I followed the A-section in the week (May 25-June 2) following the news of Pat Tillman's friendly fire death and correlating outrage of his parents over Bush administration lies and manipulation and did not see a single mention of the story. Of course, on April 24, 2004, news of the tragedy was plastered across the Journal front page, with the headline: “Tillman Gave up American Dream to Defend It.” It was the pervasive national story of the day, all about heroism and patriotism, and no report indicated that he was killed by his own men. The photo of him in uniform, with his thick NFL neck, was powerful and I’ve never forgotten it. Out of curiosity, I searched “Pat Tillman” on the Journal’s website last week to see what coverage it gave to the investigation into his death and the anger expressed by his parents. I searched all articles between May 23 and June 5 in the archive. I found nothing.
On this note, I share with you an email I received today from a friend who teaches at Columbia University law school. I think he pretty much hits the proverbial nail on the head:
Newspapers around the country are rushing to explain how they failed to provide coverage of the Downing Street memo. Evidently this has been inspired by tens of thousands of complaining letters they are receiving from subscribers who ask how one of the most important news stories of the year simply disappeared from America's news pages, then filled with pane et circus stories like the Michael Jackson trial. The responses are varied: some say that the memo is no big deal, that it doesn't prove the underlying notion that the Bushies lied about their intentions going into war (what would happen to a lawyer who ignored a document because it wasn't “decisive proof” in and of itself? This suggestion is mind boggling in its stupidity.) Others are following the tried and true approach of blame the newswires—we rely on AP, and they didn't alert us to the story. Finally, we have the most shameless and absurdist papers, led by Los Angeles Times editor Michael Kinsley and the New York Times, which are now producing articles distorting, misquoting and mischaracterizing the documents in an effort to show that they really don't say what they say. You've no doubt now read the two successive New York Times articles, an amazing exercise in propagandistic distortion and professional self-abasement. Here is the Associated Press admitting that it “dropped the ball.” They suggest innocent oversight, which is, frankly, not plausible. This story was dominating news headlines around the world on May 1 & 2, and is not something which could have been innocently overlooked. This was a conscious decision to keep America in the dark.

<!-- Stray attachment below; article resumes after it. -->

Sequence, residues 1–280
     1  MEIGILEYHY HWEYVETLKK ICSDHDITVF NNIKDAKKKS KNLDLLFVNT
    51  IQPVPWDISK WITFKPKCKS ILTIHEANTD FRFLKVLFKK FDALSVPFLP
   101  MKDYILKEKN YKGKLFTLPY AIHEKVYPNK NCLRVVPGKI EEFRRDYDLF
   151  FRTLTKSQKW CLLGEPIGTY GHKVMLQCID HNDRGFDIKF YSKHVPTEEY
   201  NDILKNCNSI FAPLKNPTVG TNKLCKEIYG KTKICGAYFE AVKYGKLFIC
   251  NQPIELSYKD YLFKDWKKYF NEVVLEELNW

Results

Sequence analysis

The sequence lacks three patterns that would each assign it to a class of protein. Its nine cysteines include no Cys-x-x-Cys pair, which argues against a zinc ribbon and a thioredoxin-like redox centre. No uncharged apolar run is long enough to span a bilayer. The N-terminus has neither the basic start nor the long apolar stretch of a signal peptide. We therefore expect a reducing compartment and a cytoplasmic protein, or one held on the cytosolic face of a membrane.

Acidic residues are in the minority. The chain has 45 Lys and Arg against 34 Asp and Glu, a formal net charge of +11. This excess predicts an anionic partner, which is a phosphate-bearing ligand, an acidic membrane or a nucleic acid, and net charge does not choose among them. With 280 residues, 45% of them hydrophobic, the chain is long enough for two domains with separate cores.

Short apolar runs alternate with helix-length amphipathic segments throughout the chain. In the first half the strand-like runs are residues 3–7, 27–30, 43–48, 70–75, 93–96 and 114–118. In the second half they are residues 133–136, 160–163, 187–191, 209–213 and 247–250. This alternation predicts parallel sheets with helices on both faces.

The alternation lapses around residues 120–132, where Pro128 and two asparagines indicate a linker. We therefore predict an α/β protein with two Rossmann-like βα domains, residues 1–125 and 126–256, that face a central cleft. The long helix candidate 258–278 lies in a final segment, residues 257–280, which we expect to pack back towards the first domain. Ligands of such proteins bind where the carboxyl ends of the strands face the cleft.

As is often the case, Eric Boehlert of Salon.com does a first-rate job of reporting and analyzing on the situation. http://www.salon.com/news/feature/2005/06/14/ap_memo/index.html A must read. …
Here's a clearinghouse of sorts dedicated to the Downing Street Memo http://www.downingstreetmemo.com/ Click on the “news & media” link and notice how sparse the coverage has been, although a few of the editorials seem to go after it. You can also join 700,000 people in signing the petition calling for a congressional investigation. Is that too much to ask?
And lastly, for folks that just can't get enough of White House official lies and deception, there's always this link http://www.prwatch.org/spin that features the “spin of the day.”